Colombia’s judicial branch and the country’s prosecutor general have demanded the resignation of president of Colombia’s Constitutional Court after allegations that he sought bribes from a large oil company.
The now-suspended magistrate, Jorge Pretelt, came under unprecedented fire when magistrate Mauricio Gonzalez accused the court president of asking oil company Fidupetrol for $200 thousand in return for promising that the court would revoke a $9 million fine imposed on the company by a lower court.
In an effort to restore confidence in the Constitutional Court after the biggest corruption scandal in its 24-year history, the Interinstitutional Commission of the Judicial Branch had requested Pretelt’s resignation.
“When the actions of a magistrate are seriously questioned, to the point that they cast doubt on the transparency and honesty of the court, the Judicial Branch as a whole is negatively impacted, among other reasons, because it affects its legitimacy and calls into question the capacity of the justice system to impartially resolve the conflicts and interests of the citizens,” the Commission stated in a letter.
The letter was signed by the Fiscal General Eduardo Montealegre; president of the Supreme Court of Justice Leonidas Bustos, president of the State Board Luis Rafael Vergara, and president of the Judiciary Wilson Ruiz.
Pretelt has so far agreed to temporarily step down, but has refused to resign in spite of being at the center of the court’s biggest corruption scandal since its inception in 1991.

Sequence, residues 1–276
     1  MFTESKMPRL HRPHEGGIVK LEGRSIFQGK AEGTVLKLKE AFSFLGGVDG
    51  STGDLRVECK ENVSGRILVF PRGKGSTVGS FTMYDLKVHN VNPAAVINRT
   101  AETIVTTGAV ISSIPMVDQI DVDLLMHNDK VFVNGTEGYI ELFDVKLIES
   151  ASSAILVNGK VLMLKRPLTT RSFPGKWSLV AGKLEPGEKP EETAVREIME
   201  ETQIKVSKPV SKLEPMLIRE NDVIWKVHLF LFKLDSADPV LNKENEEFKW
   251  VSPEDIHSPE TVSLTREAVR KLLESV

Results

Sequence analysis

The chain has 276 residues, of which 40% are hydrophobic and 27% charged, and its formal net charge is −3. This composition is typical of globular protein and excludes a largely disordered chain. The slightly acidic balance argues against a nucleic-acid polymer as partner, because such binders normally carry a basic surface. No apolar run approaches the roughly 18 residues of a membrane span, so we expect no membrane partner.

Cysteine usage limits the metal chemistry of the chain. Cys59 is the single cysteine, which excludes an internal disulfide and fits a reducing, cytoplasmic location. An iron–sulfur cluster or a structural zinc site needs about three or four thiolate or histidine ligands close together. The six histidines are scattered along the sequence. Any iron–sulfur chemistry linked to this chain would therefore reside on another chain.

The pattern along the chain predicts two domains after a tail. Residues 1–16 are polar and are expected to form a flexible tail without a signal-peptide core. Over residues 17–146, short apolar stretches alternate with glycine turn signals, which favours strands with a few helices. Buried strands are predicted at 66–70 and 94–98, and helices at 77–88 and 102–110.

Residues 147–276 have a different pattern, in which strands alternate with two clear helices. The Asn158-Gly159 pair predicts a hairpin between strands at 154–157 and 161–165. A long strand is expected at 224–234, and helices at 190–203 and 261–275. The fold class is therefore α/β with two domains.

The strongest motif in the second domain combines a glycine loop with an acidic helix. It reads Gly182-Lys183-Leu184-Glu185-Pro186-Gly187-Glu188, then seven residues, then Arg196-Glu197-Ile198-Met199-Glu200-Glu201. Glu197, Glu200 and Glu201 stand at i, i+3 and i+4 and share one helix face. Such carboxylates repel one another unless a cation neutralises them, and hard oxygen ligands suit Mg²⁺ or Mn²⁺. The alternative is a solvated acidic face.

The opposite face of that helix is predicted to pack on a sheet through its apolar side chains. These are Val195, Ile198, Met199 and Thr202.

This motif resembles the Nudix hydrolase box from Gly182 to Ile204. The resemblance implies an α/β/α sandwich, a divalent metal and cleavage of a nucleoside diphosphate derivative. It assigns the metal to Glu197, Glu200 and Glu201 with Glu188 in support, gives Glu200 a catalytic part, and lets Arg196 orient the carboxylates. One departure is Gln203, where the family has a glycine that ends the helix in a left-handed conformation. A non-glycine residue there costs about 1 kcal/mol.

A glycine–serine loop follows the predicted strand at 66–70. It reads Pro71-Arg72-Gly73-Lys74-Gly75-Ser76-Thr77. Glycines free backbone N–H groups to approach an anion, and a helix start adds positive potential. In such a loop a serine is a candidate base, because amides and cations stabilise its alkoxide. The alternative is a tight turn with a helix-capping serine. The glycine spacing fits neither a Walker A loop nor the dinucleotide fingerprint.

Other magistrates of the Constitutional Court have unanimously urged the court president to resign permanently, and announced he had agreed to this.
However, Pretelt subsequently announced to be challenging the decision and defend himself against the corruption allegations.
The suspended court president came under unprecedented fire when magistrate Mauricio Gonzalez accused Pretelt of asking Fidupetrol for $200 thousand in return of him making sure the company would not have to pay a $9 million fine.
Gonzalez was the presiding magistrate in the October 2014 case and had reportedly been warned about the attempted extortion by fellow magistrate and the court’s former president, Luis Ernesto Vargas.
Fidupetrol attorney Victor Pacheco allegedly told Vargas that he had been invited to the home of Pretelt ahead of the ruling. In this private meeting, the court magistrate allegedly had said that if Fidupetrol paid him, he would persuade Gonzalez to overrule a $9 million fine imposed on the company by a lower court.
The lawyer then reported the alleged extortion attempt to Pretelt’s colleague who subsequently filed a complaint, dropping the figurative bomb on the court in charge of protecting — of all things — the Colombian constitution.
Following the publication of the accusations in El Tiempo newspaper, President Juan Manuel Santos ordered Congress to follow up on Gonzalez’ complaint and immediately open the investigation into Pretelt.
Congress itself had elected Pretelt as magistrate for eight years in 2009 from a shortlist proposed by former President Alvaro Uribe, currently an opposition senator.
Top officials from the executive and judicial branches in Colombia can only be held accountable by Congress’ Accusations Committee as an independent branch of power.
However, the committee itself is facing elimination because of chronic inactivity, corruption by members and consequent impunity for prominent crimes.
Santos asked the committee to “decisively and immediately proceed with the corresponding investigation so in a short term it can clarify what happened and whether the integrity of the constitutional court is tact.”